Watch out for the "peripheral" departments. Those are bakery, deli, nuts, floral, seafood, and many stores will have a Starbucks. Those departments make a lot of money for the store. If you want cheese, go to the dairy case. Deli? Go to the meat case. Bakery? Entenmann’s is cheaper but may be a step below the bakery. Seafood? It can be cheaper in the frozen case and tastes the same. If you feel Starbucks is worth its high price, go ahead and have a treat but understand you are paying for a product that yields a high profit to the store. Buy a bag of Starbucks in the coffee aisle instead.

Remember, peripheral departments usually mean higher price and profit. The areas like the soap aisle take up a lot of space and yield lower profits. It’s up to the peripherals to pick up the low profit stuff.

Two final tips: NEVER go grocery shopping when you are hungry! Everything will look good and you will buy the place out. Also, leave your cell phone at home so nobody can call you to add something to your list.

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Tuesday, December 15, 2009

"No God?...No problem!"

That is the slogan of the American Humanist Association this year and it will be plastered over public transit vehicles in five cities across the United States: Washington D.C., New York, San Francisco, Los Angeles, and Chicago. Last year the only city targeted was Washington with their slogan for 2008 being "Why Believe in a God? Just be Good for Goodness Sake!"

According to Roy Speckhardt, the Director of the AHA, "Humanists have always understood that striving to make the world a better place is one of humanity's most important responsibilities. Religion does not have a monopoly on morality--millions of people are good without believing in God." Also, Speckhardt pointed to the false assumption held by many that not believing in God indicates a lack of morality as the reason for needing such advertising campaigns. "We want to change the way people think and talk about nontheists, and to pave the way for acceptance of humanism as a valid and positive philosophy of life."

"We understand our message may seem controversial to some, but it certainly isn't our purpose to offend anyone," concluded Speckhardt. "Of course, it's obvious that many people are also good with a belief in God, so I hope we can all find common ground."

Obviously, the message of the AHA will cause some controversy. We live in a country where the belief in some kind of heavenly being controlling our destiny dominates the lives of millions of people. Right or wrong, that is not a bad thing; there is nothing wrong with faith and it has guided many down the path of respect and dignity toward their familes and fellow citizens.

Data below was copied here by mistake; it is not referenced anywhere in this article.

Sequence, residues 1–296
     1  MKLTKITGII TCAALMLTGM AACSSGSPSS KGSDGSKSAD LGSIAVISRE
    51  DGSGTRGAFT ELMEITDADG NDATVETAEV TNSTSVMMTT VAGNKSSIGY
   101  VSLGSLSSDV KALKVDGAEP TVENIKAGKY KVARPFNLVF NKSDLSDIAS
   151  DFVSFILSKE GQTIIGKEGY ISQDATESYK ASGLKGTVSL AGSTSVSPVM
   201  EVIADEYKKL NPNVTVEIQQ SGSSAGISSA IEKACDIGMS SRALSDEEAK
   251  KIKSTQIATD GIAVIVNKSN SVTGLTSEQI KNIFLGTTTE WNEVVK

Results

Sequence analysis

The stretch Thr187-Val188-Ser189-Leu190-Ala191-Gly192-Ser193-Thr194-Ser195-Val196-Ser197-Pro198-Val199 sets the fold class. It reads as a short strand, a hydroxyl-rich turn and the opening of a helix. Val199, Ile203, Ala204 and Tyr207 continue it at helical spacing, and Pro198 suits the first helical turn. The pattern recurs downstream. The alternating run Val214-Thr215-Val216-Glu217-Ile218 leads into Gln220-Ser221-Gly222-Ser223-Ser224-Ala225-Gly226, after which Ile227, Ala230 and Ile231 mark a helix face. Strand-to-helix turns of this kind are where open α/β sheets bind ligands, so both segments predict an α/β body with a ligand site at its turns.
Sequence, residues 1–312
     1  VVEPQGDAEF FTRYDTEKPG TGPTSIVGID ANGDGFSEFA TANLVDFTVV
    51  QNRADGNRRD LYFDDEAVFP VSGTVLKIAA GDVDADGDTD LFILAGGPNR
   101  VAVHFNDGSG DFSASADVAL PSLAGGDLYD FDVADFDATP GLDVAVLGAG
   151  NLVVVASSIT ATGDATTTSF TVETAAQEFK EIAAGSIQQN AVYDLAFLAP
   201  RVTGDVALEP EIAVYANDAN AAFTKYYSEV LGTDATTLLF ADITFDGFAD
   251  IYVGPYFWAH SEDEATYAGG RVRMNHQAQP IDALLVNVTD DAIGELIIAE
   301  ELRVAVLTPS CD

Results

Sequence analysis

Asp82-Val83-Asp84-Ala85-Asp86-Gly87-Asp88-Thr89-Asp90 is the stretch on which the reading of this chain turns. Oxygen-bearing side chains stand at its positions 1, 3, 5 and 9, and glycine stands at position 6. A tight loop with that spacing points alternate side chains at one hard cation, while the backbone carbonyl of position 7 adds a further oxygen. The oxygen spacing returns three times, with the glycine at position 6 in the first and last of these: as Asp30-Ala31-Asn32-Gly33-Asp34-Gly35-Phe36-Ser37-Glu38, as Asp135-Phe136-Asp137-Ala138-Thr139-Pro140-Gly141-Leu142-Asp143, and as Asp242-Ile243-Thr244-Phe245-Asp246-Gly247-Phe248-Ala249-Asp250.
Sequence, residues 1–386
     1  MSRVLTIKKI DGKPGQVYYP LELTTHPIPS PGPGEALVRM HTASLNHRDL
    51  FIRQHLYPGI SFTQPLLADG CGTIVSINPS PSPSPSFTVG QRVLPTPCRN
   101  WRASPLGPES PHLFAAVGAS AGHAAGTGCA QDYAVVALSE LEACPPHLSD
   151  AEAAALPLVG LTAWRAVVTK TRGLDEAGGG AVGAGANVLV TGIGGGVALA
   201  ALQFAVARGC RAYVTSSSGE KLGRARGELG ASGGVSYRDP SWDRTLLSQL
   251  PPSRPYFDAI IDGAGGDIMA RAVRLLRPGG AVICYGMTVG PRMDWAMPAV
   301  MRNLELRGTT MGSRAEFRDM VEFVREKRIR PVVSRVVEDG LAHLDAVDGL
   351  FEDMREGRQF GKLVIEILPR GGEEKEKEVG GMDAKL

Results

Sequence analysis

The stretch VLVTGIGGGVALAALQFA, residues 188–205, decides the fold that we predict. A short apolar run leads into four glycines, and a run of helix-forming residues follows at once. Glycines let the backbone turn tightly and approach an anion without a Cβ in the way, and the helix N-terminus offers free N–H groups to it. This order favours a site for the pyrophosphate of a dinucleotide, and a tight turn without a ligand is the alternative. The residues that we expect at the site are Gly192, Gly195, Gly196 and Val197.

For others, they lead exemplary lives without the assistance of religion. Many leave the door ajar just in case they may be wrong. That’s probably not a bad idea but if there really is a judgment day they better have on their selling shoes when they go in front of the big guy.

I include myself in the second group. I think some religions have strange beliefs but I respect the members of those religions for their faith. I also feel that I live a lifestyle that any god would approve. I don’t break the law, I don’t cheat on my wife, and I never speed on the 101, especially on the West side. I did get kicked out of Sunday school once but I think if there is a HE, HE will give me a pass on that. It was a really boring subject that day and I was a little kid.

In summation, I have no problem with the Humanists. They are non violently subscribing to the belief that one does not need to worship a god to have a successful life. So what? It's a touchy subject but I say "To each his own and the decision to have religion or not have it is up to the individual"

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Tuesday, December 08, 2009

Christmas gifts then and now

The Slinky

Christmas is coming and many kids are anxiously awaiting their new cell phones, Xbox games, or whatever else may arrive on December 25th that will help them avoid physical exercise.

One present that offers plenty of activity is the Frisbee. The National Toy Hall of Fame lists it as an icon in the toy business and if you have ever thrown and chased one, you will get plenty of exercise. Although invented in 1950, I still see kids throwing Frisbees around occasionally and dogs love to chase them. It’s still a cheap and useful gift.